Police Departments Open Up 'Safe Lots' For Craigslist Transactions Several crimes around the U.S. have been tied to the website's in-person transactions. So police departments are offering up their parking lots to provide a secure space for buying and selling stuff.

Police Departments Open Up 'Safe Lots' For Craigslist Transactions

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The online classified site Craigslist updated its safety page this week, encouraging users to make exchanges at local police stations. Some police departments across the country have already started offering up their headquarters as voluntary safe zones for Craigslist deals. Patrick Skahill from member station WNPR reports.

PATRICK SKAHILL, BYLINE: Sabastian Rivera likes to ride BMX bikes. And when he's customizing his ride, he says he'll hop onto Craigslist to look for free stuff or to trade bike parts with people in his area.

SABASTIAN RIVERA: So it's pretty easy as long as, like, I get the person's number or I get their Facebook, you know, another way to communicate besides Craigslist.

SKAHILL: As we talk in downtown Hartford, Rivera echoes what a lot of people told me. Be cautious with anonymous online deals. Get as much information as you can about the person you're dealing with. And always meet in a public place. Now the Hartford Police Department is hoping the public's place of choice will be a parking lot right outside its headquarters. Brian Foley is chief of detectives.

BRIAN FOLEY: That parking lot is under 24-hour video surveillance. It's well lit. There's cops all around this building all the time.

SKAHILL: Hartford police are calling it Operation Safe Lot. And the idea is to provide the public a well-guarded space for buying and selling their stuff. Foley says it's in response to crime spikes tied to Craigslist deals in the city. And even though the parking lot is small, Foley says officers are willing to work around occasional electronic or furniture swaps happening right outside their front door.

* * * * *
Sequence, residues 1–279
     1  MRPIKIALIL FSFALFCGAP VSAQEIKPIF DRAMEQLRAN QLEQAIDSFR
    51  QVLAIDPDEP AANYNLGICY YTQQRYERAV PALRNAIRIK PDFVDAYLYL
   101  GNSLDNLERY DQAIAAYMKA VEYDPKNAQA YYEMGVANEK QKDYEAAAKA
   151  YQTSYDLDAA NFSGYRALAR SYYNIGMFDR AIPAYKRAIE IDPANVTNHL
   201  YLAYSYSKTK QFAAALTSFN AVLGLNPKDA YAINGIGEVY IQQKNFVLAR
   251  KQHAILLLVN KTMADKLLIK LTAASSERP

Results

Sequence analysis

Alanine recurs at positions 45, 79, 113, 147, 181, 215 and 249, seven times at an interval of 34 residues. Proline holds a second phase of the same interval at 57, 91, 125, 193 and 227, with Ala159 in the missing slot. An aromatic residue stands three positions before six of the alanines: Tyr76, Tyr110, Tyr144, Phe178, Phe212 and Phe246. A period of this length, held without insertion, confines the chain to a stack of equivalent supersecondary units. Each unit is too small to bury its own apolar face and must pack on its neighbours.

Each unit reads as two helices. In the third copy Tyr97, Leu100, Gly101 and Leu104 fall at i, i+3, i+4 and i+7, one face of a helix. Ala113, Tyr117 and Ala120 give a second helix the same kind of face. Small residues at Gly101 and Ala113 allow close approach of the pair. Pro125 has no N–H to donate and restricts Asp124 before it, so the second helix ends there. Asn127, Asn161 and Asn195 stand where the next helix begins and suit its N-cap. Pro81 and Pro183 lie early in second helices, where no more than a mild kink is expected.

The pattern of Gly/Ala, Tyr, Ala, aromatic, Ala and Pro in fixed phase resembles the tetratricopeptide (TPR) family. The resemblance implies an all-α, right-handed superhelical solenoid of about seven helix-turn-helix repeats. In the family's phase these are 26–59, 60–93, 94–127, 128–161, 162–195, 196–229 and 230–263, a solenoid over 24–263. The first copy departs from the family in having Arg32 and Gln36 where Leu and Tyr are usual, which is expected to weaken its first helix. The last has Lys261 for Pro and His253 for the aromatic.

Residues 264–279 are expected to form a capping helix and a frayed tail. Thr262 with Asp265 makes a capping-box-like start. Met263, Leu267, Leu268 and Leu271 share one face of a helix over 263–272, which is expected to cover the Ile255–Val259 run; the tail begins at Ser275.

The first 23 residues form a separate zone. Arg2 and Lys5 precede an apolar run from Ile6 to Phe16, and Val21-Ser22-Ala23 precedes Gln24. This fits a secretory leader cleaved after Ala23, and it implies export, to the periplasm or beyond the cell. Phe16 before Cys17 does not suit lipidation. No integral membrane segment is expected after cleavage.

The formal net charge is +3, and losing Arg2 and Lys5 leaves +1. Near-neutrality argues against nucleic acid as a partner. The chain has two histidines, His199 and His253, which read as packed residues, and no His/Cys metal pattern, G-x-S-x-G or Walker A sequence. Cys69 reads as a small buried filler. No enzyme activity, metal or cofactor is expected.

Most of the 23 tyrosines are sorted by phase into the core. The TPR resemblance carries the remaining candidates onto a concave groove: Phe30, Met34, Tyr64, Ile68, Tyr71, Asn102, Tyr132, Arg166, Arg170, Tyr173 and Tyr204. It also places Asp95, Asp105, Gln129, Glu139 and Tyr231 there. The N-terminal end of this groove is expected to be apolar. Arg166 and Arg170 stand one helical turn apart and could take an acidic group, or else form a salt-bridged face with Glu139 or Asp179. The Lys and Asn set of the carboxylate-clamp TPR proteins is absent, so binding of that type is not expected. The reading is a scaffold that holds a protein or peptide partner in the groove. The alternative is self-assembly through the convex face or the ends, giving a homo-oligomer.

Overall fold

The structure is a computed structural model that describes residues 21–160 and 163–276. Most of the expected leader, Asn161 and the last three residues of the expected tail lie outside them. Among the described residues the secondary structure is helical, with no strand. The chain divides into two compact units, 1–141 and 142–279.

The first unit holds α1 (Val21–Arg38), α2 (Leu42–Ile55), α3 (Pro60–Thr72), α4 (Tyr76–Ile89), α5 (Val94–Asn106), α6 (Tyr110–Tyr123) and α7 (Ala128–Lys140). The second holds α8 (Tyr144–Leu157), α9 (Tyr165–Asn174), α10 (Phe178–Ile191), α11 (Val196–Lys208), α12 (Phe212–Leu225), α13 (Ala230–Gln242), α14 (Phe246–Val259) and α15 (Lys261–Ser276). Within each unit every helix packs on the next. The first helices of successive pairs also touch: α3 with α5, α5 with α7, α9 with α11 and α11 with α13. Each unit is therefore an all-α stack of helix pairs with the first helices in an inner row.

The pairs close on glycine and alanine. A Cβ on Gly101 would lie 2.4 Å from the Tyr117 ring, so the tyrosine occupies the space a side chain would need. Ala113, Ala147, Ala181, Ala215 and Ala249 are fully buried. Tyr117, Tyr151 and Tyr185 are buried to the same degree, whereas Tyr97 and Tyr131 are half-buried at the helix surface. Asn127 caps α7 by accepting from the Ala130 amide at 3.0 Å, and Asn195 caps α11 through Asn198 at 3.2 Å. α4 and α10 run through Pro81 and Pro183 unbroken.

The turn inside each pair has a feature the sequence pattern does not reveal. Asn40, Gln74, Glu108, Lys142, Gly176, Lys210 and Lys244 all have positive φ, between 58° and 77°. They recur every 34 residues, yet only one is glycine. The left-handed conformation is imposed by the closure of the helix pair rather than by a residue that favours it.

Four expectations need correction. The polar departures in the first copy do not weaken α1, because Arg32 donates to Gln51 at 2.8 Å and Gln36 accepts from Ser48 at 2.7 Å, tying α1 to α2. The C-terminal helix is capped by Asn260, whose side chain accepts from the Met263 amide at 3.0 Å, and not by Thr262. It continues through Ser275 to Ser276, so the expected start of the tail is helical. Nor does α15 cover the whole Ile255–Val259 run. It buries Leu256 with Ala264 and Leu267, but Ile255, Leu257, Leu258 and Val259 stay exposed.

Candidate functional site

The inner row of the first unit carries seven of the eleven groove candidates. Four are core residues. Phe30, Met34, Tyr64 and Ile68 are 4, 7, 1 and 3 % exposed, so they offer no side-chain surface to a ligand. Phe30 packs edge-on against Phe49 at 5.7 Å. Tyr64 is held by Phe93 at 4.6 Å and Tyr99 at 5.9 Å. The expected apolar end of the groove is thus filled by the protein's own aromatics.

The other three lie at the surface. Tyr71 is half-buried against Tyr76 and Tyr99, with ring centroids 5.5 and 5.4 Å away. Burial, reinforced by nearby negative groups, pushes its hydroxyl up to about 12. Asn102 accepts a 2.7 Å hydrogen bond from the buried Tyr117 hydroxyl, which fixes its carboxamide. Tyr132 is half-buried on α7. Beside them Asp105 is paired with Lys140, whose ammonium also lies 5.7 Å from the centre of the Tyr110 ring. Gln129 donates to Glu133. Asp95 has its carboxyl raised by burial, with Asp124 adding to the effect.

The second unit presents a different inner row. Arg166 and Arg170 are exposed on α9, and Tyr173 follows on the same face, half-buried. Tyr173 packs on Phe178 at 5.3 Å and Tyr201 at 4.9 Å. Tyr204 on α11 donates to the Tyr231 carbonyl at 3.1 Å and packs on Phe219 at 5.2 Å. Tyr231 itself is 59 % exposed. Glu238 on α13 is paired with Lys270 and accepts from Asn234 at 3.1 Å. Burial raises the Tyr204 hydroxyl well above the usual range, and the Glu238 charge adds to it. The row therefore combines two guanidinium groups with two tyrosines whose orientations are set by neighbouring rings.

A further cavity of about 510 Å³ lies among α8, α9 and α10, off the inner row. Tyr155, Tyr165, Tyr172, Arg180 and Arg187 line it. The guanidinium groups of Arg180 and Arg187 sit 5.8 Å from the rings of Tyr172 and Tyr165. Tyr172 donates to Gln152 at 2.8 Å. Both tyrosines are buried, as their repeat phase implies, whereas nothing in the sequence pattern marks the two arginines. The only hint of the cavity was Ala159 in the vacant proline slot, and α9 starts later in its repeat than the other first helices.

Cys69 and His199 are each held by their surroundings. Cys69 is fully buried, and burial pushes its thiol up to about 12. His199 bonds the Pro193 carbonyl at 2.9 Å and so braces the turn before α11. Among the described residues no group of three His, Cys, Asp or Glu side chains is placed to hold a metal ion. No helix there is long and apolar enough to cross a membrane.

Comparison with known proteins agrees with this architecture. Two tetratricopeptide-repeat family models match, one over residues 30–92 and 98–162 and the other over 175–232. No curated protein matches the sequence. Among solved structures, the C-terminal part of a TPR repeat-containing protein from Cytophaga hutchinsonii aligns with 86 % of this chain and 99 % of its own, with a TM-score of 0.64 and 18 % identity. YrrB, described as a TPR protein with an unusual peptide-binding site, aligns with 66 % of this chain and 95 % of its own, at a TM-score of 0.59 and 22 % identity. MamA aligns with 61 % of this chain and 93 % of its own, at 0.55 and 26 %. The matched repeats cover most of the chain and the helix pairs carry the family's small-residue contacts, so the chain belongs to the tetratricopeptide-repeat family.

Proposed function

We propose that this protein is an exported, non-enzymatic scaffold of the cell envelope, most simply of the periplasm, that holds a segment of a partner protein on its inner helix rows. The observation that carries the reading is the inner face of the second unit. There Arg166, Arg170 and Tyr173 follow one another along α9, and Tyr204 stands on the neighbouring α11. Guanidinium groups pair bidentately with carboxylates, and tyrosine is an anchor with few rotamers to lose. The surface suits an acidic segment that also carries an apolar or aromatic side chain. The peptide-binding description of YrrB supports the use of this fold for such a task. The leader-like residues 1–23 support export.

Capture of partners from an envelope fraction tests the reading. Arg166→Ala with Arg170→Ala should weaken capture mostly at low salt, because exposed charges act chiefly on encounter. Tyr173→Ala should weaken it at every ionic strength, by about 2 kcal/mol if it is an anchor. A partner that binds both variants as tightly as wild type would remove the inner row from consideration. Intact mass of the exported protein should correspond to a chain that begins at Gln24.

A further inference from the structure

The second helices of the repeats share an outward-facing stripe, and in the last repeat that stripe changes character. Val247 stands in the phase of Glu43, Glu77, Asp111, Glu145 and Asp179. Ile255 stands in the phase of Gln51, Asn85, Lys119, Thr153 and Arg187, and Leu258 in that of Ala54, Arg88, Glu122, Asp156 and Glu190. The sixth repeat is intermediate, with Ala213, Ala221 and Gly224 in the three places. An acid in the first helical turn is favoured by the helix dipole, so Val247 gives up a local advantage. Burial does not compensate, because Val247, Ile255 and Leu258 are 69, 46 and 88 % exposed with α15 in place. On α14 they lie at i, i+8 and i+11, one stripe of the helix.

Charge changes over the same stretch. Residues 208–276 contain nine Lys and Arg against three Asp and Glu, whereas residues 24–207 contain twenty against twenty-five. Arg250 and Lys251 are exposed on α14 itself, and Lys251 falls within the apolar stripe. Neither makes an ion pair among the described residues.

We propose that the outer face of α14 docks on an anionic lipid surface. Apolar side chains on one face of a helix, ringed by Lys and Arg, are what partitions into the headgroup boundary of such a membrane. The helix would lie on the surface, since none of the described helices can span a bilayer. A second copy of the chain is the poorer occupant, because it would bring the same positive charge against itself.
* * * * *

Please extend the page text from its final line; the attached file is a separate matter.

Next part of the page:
FOLEY: If it's going to prevent a robbery, if it's going to prevent a homicide, if it's going to make our citizens feel safe, you know, we can live with it. We don't want it to become a flea market out there, but certainly it hasn't been a problem.

SKAHILL: In recent months, other departments around the country have been starting this up too. Boca Raton Police Chief Daniel Alexander says his department started offering up its parking lot last June.

DANIEL ALEXANDER: And it's something that's positive for us to do for the community. A lot of people come down here for, you know, situations and circumstances that aren't very positive. This, to us, is a positive.

SKAHILL: Since the safe lot programs are new, Alexander and other officers say it's hard to gauge yet whether or not it's working. Craigslist wouldn't answer questions about why it's now telling users to consider police parking lots for high-value exchanges. But back in downtown Hartford, Mike Loin says he thinks the company should embrace this idea for smaller transactions too.

MIKE LOIN: I think it would open it up for a bigger customer base, you know, especially for someone who may be a mother or a woman or something like that who may not feel as comfortable selling or buying a product that way.

SKAHILL: Going forward, the Hartford police say it hopes more stations start offering up their parking lots for all types of social media transactions - that is, of course, as long as they're legal. For NPR News, I'm Patrick Skahill in Hartford.


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